Phiwayinkosi Mabuza, Swaziland’s Housing and Urban Development Minister says the country should raise taxes and legalise marijuana to develop the economy, APA reports.
Mabuza, a parliamentarian for Mhlambanyatsi constituency reportedly said the government needs to decriminalise marijuana and explore its economic benefits to increase the country’s revenue.
“First world countries have decriminalised the growing and use of dagga. We have to be objective and not hysterical when we approach the subject,” Mabuza said.
Mabuza, added that the country was losing out on potential revenue by not utilising the widely grown but illegal crop.
Campaigners have been pushing for the legalisation of cannabis in Swaziland, which is illegally grown by some of the country’s poorest, making their living by selling the crop.
The country has been debating the legalisation of marijuana. Recently, the National Commissioner of Police Isaac Magagula, called on the government to do a study on the legalisation of dagga.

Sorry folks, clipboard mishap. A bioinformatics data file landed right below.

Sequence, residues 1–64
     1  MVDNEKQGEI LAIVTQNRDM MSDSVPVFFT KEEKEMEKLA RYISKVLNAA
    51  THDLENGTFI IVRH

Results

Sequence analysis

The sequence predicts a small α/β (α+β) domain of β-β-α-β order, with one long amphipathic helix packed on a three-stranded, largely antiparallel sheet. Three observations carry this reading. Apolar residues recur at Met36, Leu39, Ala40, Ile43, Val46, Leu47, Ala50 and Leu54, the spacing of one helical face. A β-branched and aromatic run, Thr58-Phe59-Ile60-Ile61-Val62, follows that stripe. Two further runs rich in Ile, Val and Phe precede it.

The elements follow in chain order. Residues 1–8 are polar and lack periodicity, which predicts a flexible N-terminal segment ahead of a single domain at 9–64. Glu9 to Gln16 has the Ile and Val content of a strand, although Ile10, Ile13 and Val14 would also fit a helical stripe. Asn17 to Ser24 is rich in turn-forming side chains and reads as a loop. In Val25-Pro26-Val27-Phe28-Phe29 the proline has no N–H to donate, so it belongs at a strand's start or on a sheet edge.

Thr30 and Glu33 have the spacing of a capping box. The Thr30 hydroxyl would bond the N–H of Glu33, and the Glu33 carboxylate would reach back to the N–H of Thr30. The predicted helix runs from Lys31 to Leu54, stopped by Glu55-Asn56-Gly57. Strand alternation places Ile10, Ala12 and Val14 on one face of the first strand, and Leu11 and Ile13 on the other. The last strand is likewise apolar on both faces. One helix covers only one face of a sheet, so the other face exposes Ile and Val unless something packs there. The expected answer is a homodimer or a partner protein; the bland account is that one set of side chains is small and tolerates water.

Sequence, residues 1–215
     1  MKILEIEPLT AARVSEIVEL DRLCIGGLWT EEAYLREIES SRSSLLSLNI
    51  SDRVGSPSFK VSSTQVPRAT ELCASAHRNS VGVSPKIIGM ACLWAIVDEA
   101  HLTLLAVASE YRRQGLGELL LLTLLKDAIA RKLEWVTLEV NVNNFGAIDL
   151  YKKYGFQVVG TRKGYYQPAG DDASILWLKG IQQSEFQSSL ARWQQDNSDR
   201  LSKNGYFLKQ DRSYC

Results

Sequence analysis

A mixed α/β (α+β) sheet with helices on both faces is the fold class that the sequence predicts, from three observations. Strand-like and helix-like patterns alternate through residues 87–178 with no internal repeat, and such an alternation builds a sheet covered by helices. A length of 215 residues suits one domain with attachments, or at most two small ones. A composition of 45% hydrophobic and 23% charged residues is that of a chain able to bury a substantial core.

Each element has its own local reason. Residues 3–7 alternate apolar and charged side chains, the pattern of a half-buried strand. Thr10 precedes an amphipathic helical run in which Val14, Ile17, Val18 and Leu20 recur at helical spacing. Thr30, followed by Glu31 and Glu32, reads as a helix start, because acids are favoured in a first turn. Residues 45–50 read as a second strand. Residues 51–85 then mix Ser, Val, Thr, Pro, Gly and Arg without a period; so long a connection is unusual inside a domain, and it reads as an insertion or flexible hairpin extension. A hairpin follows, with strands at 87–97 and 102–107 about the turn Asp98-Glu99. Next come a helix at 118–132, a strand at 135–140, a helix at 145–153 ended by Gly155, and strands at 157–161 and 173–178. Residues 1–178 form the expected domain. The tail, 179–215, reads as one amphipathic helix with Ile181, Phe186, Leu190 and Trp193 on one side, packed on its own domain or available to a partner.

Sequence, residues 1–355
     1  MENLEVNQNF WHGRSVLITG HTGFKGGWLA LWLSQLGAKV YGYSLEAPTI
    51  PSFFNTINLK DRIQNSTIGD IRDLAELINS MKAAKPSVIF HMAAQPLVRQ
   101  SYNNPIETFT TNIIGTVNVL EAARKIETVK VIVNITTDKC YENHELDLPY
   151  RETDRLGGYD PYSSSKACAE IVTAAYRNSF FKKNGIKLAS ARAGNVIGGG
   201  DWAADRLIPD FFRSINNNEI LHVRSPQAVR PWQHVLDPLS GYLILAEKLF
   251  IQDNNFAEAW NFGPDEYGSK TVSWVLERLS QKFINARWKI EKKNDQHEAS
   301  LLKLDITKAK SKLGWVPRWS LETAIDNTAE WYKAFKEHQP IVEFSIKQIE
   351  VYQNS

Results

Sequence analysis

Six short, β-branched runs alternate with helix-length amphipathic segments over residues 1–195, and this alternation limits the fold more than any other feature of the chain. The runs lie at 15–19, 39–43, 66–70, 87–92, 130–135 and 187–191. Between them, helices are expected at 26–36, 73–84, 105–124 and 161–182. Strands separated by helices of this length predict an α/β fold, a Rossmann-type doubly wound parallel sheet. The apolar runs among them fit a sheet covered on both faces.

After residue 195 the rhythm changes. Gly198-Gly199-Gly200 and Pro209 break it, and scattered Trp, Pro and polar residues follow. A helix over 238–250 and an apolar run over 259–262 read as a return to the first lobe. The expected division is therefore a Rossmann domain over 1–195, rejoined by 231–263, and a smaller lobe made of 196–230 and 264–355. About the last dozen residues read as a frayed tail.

“We would recommend that a proper research and/or study be conducted by the relevant ministry on the desirability or otherwise of legalising the drug, as this line of thought has huge implications and challenges in the international law enforcement perspective and control of drug and substance abuse,” Magagula said.
Other countries in Africa have mooted plans to decriminalise cannabis and industrial hemp. Malawi’s Minister of Agriculture, Allan Chiyembekeza last month said the country approved plans to grow industrial hemp for export on a trial basis and defended the plans because of the crop’s close relationship with marijuana.
Industrial hemp has various uses, which include the manufacturing of paper, clothing, fibre, medicine and food products, amongst others.